vpresize VICTORY Principles: Leadership Lessons from D-Day by Colonel Leonard Kloeber, Jr.


Pegasus Bridge – Part One – Getting Ready for a High Priority Mission

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Within minutes after midnight on June 6th 1944, the first Allied unit landed in Normandy in six British Horsa gliders. Their mission was given the highest priority by General Montgomery, the land component commander and commander of the British 21st Army Group – to assault and seize two bridges, one over the Caen Canal and the other over the Orne River and hold until relieved. Montgomery knew that he had to seize these critical bridges to prevent the Germans from mounting an armored counter-attack. The bulk of the German Panzer units were positioned farther east in the vicinity of Calais, and if they were able to launch such an attack, the Germans would cause havoc with the British 3rd Infantry landing on Sword Beach. A powerful armored thrust could also roll up each of the five Allied beaches one after the other and disrupt all the Allied landings before they could secure a lodgment and bring in reinforcements. Additionally, the British 6th Airborne Division was landing to the east of these bridges and it would be over these bridges that British armored forces would be brought forward from Sword Beach to reinforce the paratroopers and prevent them from being isloated. The high priority mission to capture these bridges in a coup-de-main assault was given to Major John Howard.

Major Howard was a remarkable leader who came up through the ranks. Before the war, he enlisted in the British Army and served for six years attaining the rank of sergeant before he left the service to become a police officer in Oxford. After the war began, he was recalled back to military service. His leadership skill was quickly recognized by his superiors and not only was he promoted to sergeant major, but also selected to receive a commission as an officer. By 1942 he was promoted to the rank of major and commanded D Company, Oxfordshire and Buckinghamshire Light Infantry as a part of the elite 6th Airborne Division. Howard was masterful trainer, and relentlessly drove his unit to a high standard of readiness through incessant training exercises. When the Overlord Plan for the invasion was conceived and the requirement arose to seize these key bridges, Howard’s unit was selected because the division commander recognized it as one of his best units. Shortly after the mission was given to Howard, his commander told him that he would be given whatever resources he needed including an additional two platoons of infantry, a platoon of engineers, and even a medical doctor who would accompany the assault. Howard not only continued his tough training regimen, but once he knew his mission and had access to current intelligence about the target, conducted multiple practice runs with a variety of scenarios on mock-ups of the targets.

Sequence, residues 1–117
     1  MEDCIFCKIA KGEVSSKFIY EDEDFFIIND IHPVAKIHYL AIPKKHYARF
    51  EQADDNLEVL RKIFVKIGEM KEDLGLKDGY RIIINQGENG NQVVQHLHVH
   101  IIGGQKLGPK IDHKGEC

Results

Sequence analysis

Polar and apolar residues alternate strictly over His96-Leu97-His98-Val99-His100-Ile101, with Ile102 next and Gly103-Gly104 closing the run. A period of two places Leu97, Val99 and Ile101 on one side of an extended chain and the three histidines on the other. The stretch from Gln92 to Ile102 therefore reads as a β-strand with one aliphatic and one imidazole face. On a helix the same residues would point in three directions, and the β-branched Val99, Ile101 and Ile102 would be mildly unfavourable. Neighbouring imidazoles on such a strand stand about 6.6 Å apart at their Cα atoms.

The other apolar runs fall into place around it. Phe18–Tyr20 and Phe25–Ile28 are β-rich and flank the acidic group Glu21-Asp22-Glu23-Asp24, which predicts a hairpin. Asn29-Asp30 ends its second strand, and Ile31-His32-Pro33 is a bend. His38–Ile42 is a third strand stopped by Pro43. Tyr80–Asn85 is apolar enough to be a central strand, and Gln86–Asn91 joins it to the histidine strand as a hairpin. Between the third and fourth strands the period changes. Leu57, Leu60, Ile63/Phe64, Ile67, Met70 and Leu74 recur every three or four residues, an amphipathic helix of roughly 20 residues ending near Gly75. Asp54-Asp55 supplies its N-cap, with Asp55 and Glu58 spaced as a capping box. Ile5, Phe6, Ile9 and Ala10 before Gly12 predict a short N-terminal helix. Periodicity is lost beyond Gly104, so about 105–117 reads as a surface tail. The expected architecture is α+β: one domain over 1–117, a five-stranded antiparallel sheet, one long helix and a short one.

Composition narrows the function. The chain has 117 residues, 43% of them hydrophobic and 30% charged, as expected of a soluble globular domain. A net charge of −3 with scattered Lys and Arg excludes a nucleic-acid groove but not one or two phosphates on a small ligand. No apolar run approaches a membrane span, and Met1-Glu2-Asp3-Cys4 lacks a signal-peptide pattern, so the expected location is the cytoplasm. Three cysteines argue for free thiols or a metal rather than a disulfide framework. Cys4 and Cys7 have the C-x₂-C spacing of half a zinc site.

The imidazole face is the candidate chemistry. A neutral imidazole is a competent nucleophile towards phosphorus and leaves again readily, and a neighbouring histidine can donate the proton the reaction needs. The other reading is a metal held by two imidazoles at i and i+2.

Eventually, his unit was prepared for almost any imaginable contingency that could arise during this difficult night assault. Howard’s plans called for landing his unit in six gilders within close proximity of the bridges and catch the German defenders off guard. Using surprise and shock action, he planned to quickly overcome any resistance and then set up to defend against a counter-attack. While the assault troops seized the bridges, the engineers would disarm any demolitions that the Germans had set to destroy them rather than have them fall into enemy hands. Since the night landing by gliders was extremely hazardous, Howard prepared his men by making sure that everyone was ready to step up if one or more of the gliders missed the target, or if key people were killed or wounded during the assault phase. As his men went into action it was the intense training that had prepared them for this difficult assignment and gave them high confidence that they could accomplish the mission no matter what happened. They were the first Allied unit to land on French soil and they were ready.

Major John Howard Memorial

Major John Howard Memorial

Written by editor

October 18th, 2009 at 8:05 pm